Sunday, March 19, 2006

Marquette, Michigan to be site of wolf delisting meeting

By JOHN PEPIN, Journal Staff Writer

MARQUETTE — Marquette is expected to be one of two Michigan locations hosting upcoming public hearings on removing federal Endangered Species Act protections for gray wolves in the western Great Lakes region. Details of the meeting schedule have not been released, but are expected to be announced soon, after notice of a new U.S. Fish and Wildlife Service rule to delist the gray wolf is published in the Federal Register. That publication is expected by Wednesday.

On Thursday, U.S. Dept. of the Interior Secretary Gale Norton announced in a media teleconference the recovery of gray wolves in the western Great Lakes Region and the Fish and Wildlife Service proposal to take the species off the protected list. The action, if finalized by the agency after soliciting public comment through the series of public hearings and other communications, would entrust management of the species to state wildlife agencies and Indian tribes.

“The states have strong solid plans for managing gray wolves,” Norton said, speaking on the conference call from Houston, Texas.

Only wolves in the western Great Lakes region would be affected by the new proposal. Currently, there are at least 3,020 wolves in Michigan, Minnesota and Wisconsin, which is roughly 80 percent of all wolves in the lower 48 states. Once the last stronghold for wolves before severe decline, the Great Lakes region is hoped by federal officials to be the first area to recover populations successfully to the point of delisting.

“The gray wolf is now doing very well in the upper Midwest,” said Fish and Wildlife Service Director Dale Hall.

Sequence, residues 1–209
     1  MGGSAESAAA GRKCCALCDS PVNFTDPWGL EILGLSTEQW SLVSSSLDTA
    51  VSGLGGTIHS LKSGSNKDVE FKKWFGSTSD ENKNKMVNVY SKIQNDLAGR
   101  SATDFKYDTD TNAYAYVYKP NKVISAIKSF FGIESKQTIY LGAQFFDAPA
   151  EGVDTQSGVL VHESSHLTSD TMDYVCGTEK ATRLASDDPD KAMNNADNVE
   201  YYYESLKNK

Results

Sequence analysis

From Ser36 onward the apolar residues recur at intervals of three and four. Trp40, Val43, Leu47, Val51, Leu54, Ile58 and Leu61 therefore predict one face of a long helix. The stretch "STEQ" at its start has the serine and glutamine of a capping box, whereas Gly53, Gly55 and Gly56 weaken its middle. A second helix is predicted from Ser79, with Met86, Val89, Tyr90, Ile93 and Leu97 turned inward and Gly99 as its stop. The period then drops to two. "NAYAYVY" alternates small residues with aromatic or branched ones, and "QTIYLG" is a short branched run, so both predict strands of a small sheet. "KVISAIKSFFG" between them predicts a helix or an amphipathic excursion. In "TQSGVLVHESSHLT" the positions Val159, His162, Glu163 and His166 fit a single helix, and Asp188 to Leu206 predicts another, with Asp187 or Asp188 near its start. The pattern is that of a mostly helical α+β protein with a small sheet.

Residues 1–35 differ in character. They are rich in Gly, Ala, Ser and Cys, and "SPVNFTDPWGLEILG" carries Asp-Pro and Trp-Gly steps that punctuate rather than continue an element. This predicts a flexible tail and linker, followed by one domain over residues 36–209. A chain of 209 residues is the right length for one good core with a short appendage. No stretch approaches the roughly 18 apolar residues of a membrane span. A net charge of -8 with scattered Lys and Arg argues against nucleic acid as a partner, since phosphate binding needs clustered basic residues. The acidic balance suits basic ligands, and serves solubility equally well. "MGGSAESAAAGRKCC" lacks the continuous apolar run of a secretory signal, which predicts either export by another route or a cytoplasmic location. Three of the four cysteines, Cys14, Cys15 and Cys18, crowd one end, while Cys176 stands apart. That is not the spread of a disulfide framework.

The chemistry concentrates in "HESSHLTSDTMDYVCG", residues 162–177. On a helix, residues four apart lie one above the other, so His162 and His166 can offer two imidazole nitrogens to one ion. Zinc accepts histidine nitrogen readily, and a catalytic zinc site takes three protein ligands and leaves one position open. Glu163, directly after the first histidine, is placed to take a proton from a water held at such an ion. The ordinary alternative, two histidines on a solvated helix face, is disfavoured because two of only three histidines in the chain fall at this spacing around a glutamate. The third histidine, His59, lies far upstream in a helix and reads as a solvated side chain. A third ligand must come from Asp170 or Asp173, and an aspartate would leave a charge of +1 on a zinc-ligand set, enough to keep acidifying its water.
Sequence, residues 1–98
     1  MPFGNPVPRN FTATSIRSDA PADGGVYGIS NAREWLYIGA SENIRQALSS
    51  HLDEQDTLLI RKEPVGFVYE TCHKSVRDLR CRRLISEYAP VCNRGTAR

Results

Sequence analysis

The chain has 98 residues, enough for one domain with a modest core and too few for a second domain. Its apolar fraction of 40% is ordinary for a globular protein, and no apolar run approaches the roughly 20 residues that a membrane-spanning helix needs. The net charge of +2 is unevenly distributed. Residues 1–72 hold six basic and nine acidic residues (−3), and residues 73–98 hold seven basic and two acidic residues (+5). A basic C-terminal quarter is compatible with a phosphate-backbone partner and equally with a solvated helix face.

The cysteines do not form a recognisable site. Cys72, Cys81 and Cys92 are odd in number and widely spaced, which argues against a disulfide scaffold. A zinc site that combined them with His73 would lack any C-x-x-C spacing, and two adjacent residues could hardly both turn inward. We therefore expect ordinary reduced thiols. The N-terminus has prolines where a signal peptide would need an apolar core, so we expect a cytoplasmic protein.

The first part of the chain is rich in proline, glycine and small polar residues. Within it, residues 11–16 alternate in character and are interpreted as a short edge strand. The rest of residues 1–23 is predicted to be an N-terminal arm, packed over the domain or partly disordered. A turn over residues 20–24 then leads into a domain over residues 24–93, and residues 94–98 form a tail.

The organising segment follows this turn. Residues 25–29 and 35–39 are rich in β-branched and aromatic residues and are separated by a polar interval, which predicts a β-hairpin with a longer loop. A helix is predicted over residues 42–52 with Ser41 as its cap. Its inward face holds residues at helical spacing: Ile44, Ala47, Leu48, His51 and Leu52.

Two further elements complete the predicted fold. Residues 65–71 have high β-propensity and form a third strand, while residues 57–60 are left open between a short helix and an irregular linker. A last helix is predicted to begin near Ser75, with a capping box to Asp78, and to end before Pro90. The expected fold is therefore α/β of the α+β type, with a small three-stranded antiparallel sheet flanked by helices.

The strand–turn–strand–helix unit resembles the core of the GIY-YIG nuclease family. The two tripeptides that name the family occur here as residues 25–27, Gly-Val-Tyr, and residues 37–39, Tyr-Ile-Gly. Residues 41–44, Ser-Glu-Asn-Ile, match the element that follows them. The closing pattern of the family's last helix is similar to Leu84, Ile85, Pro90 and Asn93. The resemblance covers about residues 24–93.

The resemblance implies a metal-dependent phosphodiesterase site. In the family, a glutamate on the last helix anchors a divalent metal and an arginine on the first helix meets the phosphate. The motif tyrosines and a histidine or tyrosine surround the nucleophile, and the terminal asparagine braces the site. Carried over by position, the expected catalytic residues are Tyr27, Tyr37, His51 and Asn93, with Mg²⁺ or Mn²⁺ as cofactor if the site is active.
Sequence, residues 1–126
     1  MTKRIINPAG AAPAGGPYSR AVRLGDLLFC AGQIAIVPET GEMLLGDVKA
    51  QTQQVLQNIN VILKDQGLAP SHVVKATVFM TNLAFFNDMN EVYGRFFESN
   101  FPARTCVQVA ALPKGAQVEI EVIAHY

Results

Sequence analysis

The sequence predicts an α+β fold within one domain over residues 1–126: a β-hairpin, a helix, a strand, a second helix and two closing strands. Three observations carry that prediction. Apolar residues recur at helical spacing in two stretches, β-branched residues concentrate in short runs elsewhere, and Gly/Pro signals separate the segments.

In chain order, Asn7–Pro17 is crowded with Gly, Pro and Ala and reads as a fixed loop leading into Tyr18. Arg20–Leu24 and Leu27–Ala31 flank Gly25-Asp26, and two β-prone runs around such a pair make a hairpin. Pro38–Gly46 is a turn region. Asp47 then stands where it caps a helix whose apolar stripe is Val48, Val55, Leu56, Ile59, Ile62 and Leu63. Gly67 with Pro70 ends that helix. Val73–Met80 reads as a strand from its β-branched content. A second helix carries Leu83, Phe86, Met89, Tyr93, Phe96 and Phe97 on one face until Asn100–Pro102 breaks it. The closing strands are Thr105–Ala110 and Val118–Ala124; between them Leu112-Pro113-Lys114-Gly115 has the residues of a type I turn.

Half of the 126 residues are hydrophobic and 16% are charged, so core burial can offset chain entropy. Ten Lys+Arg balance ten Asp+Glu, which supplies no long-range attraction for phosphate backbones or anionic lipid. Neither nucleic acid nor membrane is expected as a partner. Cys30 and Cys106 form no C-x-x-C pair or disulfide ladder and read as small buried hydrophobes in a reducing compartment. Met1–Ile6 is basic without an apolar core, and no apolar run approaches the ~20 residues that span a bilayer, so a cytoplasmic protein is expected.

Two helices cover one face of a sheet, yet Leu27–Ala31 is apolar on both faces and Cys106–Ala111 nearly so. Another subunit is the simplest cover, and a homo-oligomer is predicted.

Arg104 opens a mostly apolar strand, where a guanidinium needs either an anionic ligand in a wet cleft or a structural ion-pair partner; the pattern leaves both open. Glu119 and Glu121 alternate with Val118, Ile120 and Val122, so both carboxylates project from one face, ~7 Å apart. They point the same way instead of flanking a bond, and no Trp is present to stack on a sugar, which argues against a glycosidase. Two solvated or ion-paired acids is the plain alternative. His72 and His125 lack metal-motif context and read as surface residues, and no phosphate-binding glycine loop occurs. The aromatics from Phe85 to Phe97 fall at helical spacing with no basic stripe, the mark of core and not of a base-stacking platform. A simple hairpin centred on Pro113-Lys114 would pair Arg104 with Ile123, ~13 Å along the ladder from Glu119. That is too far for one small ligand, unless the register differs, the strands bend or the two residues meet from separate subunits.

The new proposal would lift federal protections for wolves in all of Minnesota, Wisconsin and Michigan as well as parts of North Dakota, South Dakota, Iowa, Illinois, Indiana and Ohio. This area is narrowly structured around the core areas where wolves have exceeded recovery goals since 1999 and nearby areas where wolf packs may become established in the future. The distinct population segment also includes surrounding areas into which wolves may disperse but are not likely to establish packs. Biologists used an outlying boundary of between 250 to 300 miles beyond current wolf range.

The new proposal is currently available for review and a 90-day public comment period will begin once the proposed rule is published. The public hearings will be held within that period. Last Thursday, officials said Marquette and Grayling would be Michigan sites for hearings, along with other places in the region including Duluth, Minn.

Following the public comment period, the Fish and Wildlife Service will evaluate all information and make a decision on whether to finalize the proposal. Until a final decision is made, wolves in the western Great Lakes remain protected under the Endangered Species Act. Officials expect it will take eight months to a year to reach a final decision.

Fish and Wildlife officials crafted the new proposal in response to court rulings last year that criticized proposed areas for delisting as too large, covering too many states, and places in some cases where wolves may not even occur. Officials said they hope court judges will see the new proposal as being biologically sound in its scope and boundaries.

Norton said some of the benefits to having a recovered wolf population in the region include healthier, more resilient ecosystems, a potential tourism source by travelers wanting to see or hear wolves and the value to children and future generations in knowing that an endangered species was preserved.

Under the new proposal, gray wolf populations would be monitored for five years after delisting. If any drastic threats to the populations arose, emergency relisting could be imposed. Gray wolves were first placed on the federal endangered species list in 1974. At that time, there were only gray wolves living in northern Minnesota and on Isle Royale, in the lower 48 states.

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